In grandmother's house there is a grandfather clock, but it does not go. The hands on its big face never move! But grandmother doesn't need the clock to show the time, she says that there are so many other clocks telling her the time. She can count the seconds by the beating of her heart, an hour in the time it takes for the bath water to get cold, a week by the dust that settles on the grandfather clock and a lifetime in birthdays, friends and in what you can remember. Lyrical, moving and beautifully illustrated, this is a book to be treasured.
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Stephen Lambert graduated from Lincoln College of Art in 1984 and soon turned his attention to children's book illustration. He lives and works in Cornwall. Geraldne McCaughrean is a highly-acclaimed writer of children's fiction and picture books and is particularly known for her retellings. She lives in a village in Berkshire.From School Library Journal:
Grade 1-4-In this idyllic, pastoral tale, a child's free-spirited grandmother explains how she keeps track of time even though her only clock is broken. She wakes up in the morning to the songs of birds, knows the days of the week by the comings and goings of her neighbors, and takes cues from nature to follow the seasons. "An hour is the time it takes for the bathwater to go cold-," she says, and "A lifetime, of course, you can measure in all kinds of ways: in birthdays, in friends, in what you own- or in what you remember." Taking it even further, she claims that the movements of comets and stars and eclipses of the sun and moon are a satisfactory measure of the centuries. By the end, the little girl agrees that the broken grandfather clock in the hall is best used for storage. Lambert's hazy pastel illustrations depict characters with gentle expressions and soft, rounded features whiling away the day. The effect is charming and the story's premise is certainly attractive: who needs clocks, anyway? Unfortunately, the answer is that everybody else does, that's who. Grandmother's trusty Wednesday morning garbagemen only manage to clatter those cans because they set their alarm clocks on Tuesday night. It is nevertheless delightful for Grandmother to blithely pass her days without regard for clocks and calendars. Her minimalist approach to reality works on a cosmic scale and provides food for thought, even if it wouldn't fly in the workaday world.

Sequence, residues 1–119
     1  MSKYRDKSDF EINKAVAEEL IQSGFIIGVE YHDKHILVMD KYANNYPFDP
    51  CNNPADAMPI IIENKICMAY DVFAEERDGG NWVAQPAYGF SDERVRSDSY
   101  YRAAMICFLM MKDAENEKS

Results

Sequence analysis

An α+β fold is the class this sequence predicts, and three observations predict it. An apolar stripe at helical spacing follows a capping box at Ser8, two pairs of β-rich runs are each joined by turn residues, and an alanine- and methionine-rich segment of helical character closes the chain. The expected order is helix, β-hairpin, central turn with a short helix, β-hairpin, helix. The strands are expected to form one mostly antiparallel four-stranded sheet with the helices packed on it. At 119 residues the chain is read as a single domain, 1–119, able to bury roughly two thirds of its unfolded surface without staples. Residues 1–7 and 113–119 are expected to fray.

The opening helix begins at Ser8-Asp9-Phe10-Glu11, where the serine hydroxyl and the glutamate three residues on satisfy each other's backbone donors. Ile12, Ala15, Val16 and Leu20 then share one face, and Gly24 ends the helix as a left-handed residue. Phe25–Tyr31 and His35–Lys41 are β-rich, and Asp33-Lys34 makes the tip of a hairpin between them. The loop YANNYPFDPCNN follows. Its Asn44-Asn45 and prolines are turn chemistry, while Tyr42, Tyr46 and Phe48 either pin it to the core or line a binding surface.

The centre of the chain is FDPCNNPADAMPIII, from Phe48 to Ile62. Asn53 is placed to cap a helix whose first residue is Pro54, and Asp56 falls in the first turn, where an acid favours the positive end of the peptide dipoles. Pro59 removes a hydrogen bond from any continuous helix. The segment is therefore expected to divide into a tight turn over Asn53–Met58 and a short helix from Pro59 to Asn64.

Catherine Threadgill, Charleston County Public Library, SC
Copyright 2002 Cahners Business Information, Inc.
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